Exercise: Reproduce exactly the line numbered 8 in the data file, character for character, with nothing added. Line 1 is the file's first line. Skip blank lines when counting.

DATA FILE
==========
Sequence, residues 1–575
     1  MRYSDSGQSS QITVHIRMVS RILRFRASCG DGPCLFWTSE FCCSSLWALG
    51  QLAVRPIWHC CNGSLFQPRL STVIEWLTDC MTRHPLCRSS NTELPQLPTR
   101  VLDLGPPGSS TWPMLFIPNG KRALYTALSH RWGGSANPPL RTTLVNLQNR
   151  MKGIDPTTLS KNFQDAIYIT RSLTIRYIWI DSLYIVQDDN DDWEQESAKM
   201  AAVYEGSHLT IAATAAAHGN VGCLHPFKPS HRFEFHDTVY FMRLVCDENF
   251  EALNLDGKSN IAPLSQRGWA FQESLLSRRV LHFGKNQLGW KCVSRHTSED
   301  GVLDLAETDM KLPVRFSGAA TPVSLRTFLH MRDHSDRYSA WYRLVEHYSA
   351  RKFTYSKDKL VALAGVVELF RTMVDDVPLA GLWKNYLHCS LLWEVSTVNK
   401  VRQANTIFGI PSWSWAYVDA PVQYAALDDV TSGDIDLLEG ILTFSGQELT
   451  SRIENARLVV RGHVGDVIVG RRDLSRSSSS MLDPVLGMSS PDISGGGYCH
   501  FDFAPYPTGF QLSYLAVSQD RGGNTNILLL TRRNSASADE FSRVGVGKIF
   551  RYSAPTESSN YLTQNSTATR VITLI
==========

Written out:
   301  GVLDLAETDM KLPVRFSGAA TPVSLRTFLH MRDHSDRYSA WYRLVEHYSA